That one vent of one volcano can produce 7 tons of mercury a year is astounding — that’s considerably more than total industrial emissions of mercury from the United Kingdom, according to one of the researchers..

The nanoparticles are small enough to be carried around the world and could be involved in the formation of clouds with dense concentrations of water droplets that reflect large amounts of solar radiation back into space. They may also seed distant patches of barren ocean with nutrients, according to the researchers.

While researchers had suspected that mercury boils out of hot magma, the big surprise was just how much mercury escapes from volcanoes. Measurements made on just one part of the Masaya volcano in Nicaragua by Melanie Witt of Oxford University have shown that about 7 tons of natural volcanic mercury escapes into the atmosphere from this vent each year.

"That one vent of one volcano can produce 7 tons of mercury a year is astounding," said Ms. Witt. "That’s considerably more than total industrial emissions of mercury from the UK – recorded at about 5.5 tons in 2000. It confirms our suspicions that volcanoes are an important part of the global mercury cycle: what we need to understand next is where this mercury ends up and what effects it may have on the environment."

The research is reported in two papers in the Journal of Geophysical Research.

Latin economic trade summit sure to focus on controversy over EU immigration
By the A.M. Costa Rica wire services

Leaders of South America's 10-member trade bloc known as Mercosur began their two-day summit in Argentina Monday. The meeting in Tucuman was expected to focus on the world's food crisis, regional integration, and Europe's controversial new immigration policies.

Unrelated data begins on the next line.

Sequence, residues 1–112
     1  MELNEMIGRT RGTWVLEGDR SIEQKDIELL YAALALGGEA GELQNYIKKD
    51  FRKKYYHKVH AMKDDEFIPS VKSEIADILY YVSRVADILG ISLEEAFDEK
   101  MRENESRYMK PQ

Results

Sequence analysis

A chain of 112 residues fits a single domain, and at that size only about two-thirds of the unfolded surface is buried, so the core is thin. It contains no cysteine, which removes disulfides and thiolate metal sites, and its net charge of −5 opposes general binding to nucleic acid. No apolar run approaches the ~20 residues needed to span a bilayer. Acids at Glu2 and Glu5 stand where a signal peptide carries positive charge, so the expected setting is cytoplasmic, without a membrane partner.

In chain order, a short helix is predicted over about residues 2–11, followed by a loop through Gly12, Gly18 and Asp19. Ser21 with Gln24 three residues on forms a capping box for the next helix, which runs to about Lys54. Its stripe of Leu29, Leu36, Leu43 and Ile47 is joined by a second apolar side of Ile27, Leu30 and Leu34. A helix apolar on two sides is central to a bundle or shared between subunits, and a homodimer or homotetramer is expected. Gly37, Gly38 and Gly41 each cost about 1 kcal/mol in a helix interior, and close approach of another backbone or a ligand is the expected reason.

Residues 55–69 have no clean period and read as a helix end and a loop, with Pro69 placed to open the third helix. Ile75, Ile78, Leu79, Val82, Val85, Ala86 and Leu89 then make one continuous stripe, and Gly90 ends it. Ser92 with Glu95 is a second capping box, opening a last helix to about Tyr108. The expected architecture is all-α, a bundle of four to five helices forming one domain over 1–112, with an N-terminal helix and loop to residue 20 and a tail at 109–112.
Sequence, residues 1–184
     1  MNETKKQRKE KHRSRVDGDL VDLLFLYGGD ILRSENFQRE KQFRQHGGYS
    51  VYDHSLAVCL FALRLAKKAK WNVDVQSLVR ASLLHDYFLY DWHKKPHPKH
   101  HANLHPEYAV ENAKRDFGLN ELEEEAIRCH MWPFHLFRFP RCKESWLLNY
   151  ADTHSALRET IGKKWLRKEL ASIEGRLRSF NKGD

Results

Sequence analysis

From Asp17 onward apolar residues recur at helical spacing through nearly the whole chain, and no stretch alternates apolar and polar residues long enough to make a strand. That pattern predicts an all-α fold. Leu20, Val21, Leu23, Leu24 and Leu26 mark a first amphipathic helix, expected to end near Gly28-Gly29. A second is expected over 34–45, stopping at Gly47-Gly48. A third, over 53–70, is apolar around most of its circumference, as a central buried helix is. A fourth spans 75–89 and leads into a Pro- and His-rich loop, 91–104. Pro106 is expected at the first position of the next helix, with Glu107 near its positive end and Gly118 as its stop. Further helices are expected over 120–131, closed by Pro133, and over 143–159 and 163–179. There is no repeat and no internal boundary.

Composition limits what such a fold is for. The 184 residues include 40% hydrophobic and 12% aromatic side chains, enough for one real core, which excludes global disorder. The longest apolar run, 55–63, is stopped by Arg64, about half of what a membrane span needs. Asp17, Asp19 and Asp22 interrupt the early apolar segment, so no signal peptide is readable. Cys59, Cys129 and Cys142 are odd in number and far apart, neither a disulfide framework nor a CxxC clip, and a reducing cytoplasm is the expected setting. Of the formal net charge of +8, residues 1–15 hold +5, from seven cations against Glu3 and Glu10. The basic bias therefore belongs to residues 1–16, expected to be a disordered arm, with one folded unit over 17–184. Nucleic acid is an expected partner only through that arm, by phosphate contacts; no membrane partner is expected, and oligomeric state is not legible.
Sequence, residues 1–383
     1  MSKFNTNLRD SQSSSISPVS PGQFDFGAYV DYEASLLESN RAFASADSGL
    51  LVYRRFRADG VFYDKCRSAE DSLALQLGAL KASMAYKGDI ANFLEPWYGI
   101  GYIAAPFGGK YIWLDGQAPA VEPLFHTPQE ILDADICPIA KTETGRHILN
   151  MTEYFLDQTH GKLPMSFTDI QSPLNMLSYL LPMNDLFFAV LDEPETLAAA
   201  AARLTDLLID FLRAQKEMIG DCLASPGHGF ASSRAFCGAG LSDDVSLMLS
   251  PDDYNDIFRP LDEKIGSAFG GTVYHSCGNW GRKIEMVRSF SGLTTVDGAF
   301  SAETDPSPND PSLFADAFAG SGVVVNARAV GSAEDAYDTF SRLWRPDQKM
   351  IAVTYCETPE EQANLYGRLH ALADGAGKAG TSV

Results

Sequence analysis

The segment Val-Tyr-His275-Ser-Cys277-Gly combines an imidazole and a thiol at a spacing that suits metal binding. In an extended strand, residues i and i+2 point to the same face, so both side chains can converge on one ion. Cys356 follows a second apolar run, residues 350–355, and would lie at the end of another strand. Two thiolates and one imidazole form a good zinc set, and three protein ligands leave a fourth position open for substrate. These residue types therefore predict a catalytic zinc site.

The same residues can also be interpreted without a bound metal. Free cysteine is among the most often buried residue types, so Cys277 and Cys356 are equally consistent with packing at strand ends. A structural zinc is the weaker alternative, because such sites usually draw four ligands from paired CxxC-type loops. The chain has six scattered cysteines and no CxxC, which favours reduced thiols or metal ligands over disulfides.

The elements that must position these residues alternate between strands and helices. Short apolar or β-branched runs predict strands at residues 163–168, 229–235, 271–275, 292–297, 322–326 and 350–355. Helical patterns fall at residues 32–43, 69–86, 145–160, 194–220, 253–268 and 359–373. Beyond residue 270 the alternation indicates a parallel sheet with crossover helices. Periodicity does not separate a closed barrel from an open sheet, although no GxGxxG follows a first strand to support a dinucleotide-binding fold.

Earlier this month, European Union ministers agreed on a set of measures for expelling undocumented migrants. The new laws allow EU nations to detain illegal immigrants up to 18 months before deporting them to their home countries.
Brazil's President Luiz Inacio Lula da Silva has lashed out at the new measures, saying that xenophobia and discrimination are on the rise in Europe, as workers fear losing their jobs to immigrants.

Mercosur was created in 1991 by the Treaty of Asunción, signed by the heads of state of Argentina, Brazil, Paraguay and Uruguay.

Bolivia, Chile, Colombia, Ecuador and Peru were later admitted as associate members, and Venezuela expects to join in as a full member. Mercosur is headquartered in the Uruguayan capital, Montevideo.

Bandits kill service station guard and then steal his shotgun